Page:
by Brian Hioe
Photo Credit: Public Domain
THE CENTRAL EPIDEMIC Command Center reported one new COVID-19 case today, bringing the total number of confirmed COVID-19 cases in Taiwan to 437.
The new case reported today was an imported case. It has now been twenty-two days since any cases of domestic transmission were reported in Taiwan, with the last domestic case of COVID-19 reported on April 12th. Last week previously saw six consecutive days in which no cases of COVID-19, either imported or domestic, were reported. 334 confirmed COVID-19 cases have also been released from quarantine, meaning that there are currently only 103 active COVID-19 cases in Taiwan.
It is to be questioned, however, whether the Labor Day long weekend will lead to an uptick in COVID-19 cases, given the increased travel which took place during it.
With the clear lack of domestic transmission in past weeks, the Taiwanese government offered mixed messages on whether it was safe to travel or not during the Labor Day weekend. On the one hand, increased travel could cause the spread of COVID-19 if there are transmission chains that have not been detected in Taiwan. On the other hand, with the tourism industry having taken a hit due to the closure of Taiwan’s borders, the Taiwanese government was reluctant to call on individuals not to travel during the Labor Day vacation.
It was previously feared that the Tomb Sweeping Holiday in April, which would also lead to increased travel in Taiwan, would lead to an uptick in COVID-19 cases in Taiwan. But this did not take place.
Likewise, with a cluster of COVID-19 cases last month linked to the Panshih, a supply ship that was part of a Taiwanese naval fleet that visited Palau as part of a diplomatic mission, it was feared that sailors who were onboard the Panshih and traveled across Taiwan before they were later confirmed to have COVID-19 could have spread the disease. Four new cases announced on Sunday were connected to the Panshih, but close to two weeks later after the cluster was first announced, there has not been a visible uptick in cases of domestic transmission of COVID-19 connected to the Panshih.
It remains to be seen whether this will hold, but it is believed that transmission chains in Taiwan are limited due to the prevalent use of medical masks. The 744 navy personnel that were aboard the fleet that traveled to Palau are due to be released from quarantine today if they all test negative for COVID-19.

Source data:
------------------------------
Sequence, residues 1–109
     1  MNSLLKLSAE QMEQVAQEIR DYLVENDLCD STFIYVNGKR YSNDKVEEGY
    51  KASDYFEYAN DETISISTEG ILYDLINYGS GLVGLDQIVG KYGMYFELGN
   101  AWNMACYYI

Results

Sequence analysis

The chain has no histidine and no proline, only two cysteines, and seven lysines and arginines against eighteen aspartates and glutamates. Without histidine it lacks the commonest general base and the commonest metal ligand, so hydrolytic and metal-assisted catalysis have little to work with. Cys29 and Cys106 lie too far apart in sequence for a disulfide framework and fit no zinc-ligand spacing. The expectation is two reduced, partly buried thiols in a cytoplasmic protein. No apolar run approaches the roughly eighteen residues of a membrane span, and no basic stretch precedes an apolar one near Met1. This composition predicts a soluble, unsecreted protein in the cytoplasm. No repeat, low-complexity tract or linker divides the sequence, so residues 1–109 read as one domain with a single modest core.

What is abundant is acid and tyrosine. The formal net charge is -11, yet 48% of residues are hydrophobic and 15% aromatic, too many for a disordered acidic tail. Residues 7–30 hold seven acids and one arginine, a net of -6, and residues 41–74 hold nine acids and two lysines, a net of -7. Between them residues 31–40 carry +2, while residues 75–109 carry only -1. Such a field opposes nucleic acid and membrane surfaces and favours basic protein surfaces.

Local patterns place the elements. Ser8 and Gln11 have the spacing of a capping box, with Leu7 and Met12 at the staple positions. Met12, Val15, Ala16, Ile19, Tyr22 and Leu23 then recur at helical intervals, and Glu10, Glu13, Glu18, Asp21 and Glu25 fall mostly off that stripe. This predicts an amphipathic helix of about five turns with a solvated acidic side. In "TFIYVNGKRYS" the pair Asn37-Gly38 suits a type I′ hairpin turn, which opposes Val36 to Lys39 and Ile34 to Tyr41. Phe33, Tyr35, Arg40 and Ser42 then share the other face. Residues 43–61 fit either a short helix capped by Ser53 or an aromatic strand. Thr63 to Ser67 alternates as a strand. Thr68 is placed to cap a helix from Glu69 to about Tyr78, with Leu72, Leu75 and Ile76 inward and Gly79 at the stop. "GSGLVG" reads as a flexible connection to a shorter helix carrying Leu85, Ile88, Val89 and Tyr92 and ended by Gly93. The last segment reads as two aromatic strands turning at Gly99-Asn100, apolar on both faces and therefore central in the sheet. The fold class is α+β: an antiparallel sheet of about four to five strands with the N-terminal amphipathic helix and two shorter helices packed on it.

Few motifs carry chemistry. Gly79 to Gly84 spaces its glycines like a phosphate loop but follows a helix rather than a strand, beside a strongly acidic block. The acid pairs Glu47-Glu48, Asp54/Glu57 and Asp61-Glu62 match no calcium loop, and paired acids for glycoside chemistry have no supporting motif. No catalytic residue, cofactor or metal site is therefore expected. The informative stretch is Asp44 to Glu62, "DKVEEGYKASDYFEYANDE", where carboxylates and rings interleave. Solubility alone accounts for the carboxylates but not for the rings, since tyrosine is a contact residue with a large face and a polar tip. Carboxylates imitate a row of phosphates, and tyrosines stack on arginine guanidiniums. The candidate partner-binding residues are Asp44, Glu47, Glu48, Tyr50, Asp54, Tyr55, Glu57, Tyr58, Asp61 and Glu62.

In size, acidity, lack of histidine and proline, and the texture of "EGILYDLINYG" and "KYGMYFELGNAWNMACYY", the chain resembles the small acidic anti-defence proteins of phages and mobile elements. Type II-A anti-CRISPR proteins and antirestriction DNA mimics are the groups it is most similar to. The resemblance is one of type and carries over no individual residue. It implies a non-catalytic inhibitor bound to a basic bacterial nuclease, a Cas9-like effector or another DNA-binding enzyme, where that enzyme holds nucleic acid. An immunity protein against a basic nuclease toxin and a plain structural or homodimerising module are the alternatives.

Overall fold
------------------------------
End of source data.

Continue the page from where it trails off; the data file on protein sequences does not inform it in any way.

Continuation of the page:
In the meantime, even with a decided lack of COVID-19 cases, Taiwan still stands to be affected by the COVID-19 pandemic. More than 900 companies have furloughed workers, with 18,840 workers from 922 companies on unpaid leave, a significant increase from previous weeks. This sets a new record in the number of companies with furloughed workers, but this is not the record for the highest number of furloughed workers in Taiwan, which reached 238,975 workers in 2009. The Bureau of Labor Funds has also stated that it has recorded a loss of 470 billion NTD since the end of March, with a downturn in Taiwanese and international stock markets due to the economic effects of COVID-19. Medical workers have also been among those to call for increased subsidies, due to being called on to work in hazardous conditions yet seeing a decrease in income as a result of the pandemic.
Likewise, the education system stands to be severely affected by COVID-19. As a result, the Ministry of Education announced last week that it would commit 150 million NTD to community colleges and that loan deferment programs would be rolled out allowing for loans to be deferred up to 16 years for those that qualify. With the cultural sector also affected, the Ministry of Culture has announced subsidies for affected businesses and individuals.
Efforts to draw attention to Taiwan’s international marginalization continue, with Twitter accounts run by the US government tweeting about Taiwan’s exclusion from the World Health Organization (WHO). Donations of medical supplies to other countries, such as Japan, Canada, and others, also continue, with a new online system rolled out that allows individuals to donate surplus masks that they have not used. It continues to be ambiguous as to whether Taiwan will be invited to participate in this year’s World Health Assembly (WHA) summit in May, the WHA being the governing body of the WHO.
Because of the low number of cases in Taiwan, the government of New Taipei intends to loosen restrictions on public venues. It is probable that other local governments in Taiwan may follow suit. But to this extent, with the loosening of lockdown measures internationally, this is likely to result in a wave of Taiwanese who were previously unable to secure flights back to Taiwan returning to Taiwan. Though such individuals will be required to undertake a fourteen-day quarantine period, this is likely to result in another wave of imported COVID-19 cases once they return.